Although built as a movie theater, the Orpheum would occasionally have live performances, either in conjunction with a movie, or as a stand-alone performance without a movie. Some of these live performances, like the Gene Bumph Dance Academy or Guido Diero – World’s Greatest Accordionist, featured local acts, while others featured performers who toured nationally. Here are a few examples from the 1930s.
You’ve Got to Start Somewhere – Because it was part of the Orpheum Circuit, from 1929-33 the Theatre had vaudeville performances (usually on weekends during “snowbird season”) along with a movie. On March 16, 1929, in addition to the film (“A Woman of Affairs” w/Greta Garbo and John Gilbert) there was a single act – “Madame Rose & her Dancing Daughters”. Only one of those “daughters” was actually a daughter of Madame Rose – a teenager named Louise Hovick. At some point during the 1930s Louise changed her name to Gypsy Rose Lee. Her career in burlesque provided her with a good living, although more than one “observer” commented that her routine was “more tease than strip”. Her autobiography, published in 1957, was a best seller, and provided the basis for the stage musical and film “Gypsy.”
Follies – (February 4, 1935) The Follies was an American phenomenon. Created by Florenz (Flo) Ziegfeld in 1907, its motto was “Glorifying the American Girl”, and although its list of performers would include Will Rogers, W.C. Fields, Bert Williams, Eddie Cantor, Fred Astaire, and Fanny Brice, the Follies was best known for its spectacular set pieces, where dozens of beautiful women, wearing dazzling costumes that showed as much (or more) skin as the law allowed, would be serenaded by songs such as “A Pretty Girl is Like a Melody”. The last full edition of the Follies occurred in 1931. Ziegfeld died in 1932, and his wife, Billie Burke, kept the franchise going for a few more years, partly to pay off back taxes that Ziegfeld owed the government. Burke moved to Hollywood in the early 30s, where she had a successful film career – including as Glinda (the good witch) in “The Wizard of Oz”.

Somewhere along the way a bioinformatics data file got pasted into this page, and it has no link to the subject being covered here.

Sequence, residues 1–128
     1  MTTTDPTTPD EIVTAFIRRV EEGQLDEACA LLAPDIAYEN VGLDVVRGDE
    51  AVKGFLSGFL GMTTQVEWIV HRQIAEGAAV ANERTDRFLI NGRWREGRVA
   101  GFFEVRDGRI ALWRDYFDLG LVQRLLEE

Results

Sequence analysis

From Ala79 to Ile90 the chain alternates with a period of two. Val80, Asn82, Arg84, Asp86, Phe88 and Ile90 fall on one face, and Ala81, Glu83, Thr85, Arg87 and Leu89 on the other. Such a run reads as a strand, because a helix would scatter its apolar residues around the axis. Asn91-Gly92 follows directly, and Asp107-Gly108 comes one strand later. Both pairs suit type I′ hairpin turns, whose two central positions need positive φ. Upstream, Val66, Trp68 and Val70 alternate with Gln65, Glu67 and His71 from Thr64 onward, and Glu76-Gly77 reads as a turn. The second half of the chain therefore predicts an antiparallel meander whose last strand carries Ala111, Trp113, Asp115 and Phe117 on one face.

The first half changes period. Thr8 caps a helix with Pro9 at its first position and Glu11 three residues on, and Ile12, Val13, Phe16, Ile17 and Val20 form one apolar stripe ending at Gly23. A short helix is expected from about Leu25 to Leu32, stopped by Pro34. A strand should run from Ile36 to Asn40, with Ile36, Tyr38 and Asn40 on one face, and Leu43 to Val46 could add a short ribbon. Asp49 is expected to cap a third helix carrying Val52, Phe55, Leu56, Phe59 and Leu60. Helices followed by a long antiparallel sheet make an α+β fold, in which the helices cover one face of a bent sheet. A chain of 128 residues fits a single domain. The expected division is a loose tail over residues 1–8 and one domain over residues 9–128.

Bojangles – When Bill “Bojangles” Robinson appeared at the Orpheum on March 20, 1936 (the film was “Preview Murder Mystery” w/Reginald Denny, Gail Patrick, and Frances Drake) he was already a well-known “colored” entertainer. A magnificent and athletic tap dancer, he appeared along with actor/singer Clarence Muse and pianist Harvey Brooks. Robinson’s popularity soared when he appeared with Shirley Temple in “the Little Colonel” (1935) – one of four pictures he did with Temple. The newspaper advertisement for his appearance stated that “the entire balcony would be reserved for our colored patrons”. (This seemed to have been the case with most if not all downtown movie theaters – whites could sit anywhere, but “colored patrons” could only sit in the balcony.)
Kari R. of Phoenix is the winner of our raffle prize of two tickets to Theater League’s presentation of a concert version of “The Music Man”. You can be a winner too by purchasing raffle tickets at select Orpheum events or email us at email@example.com.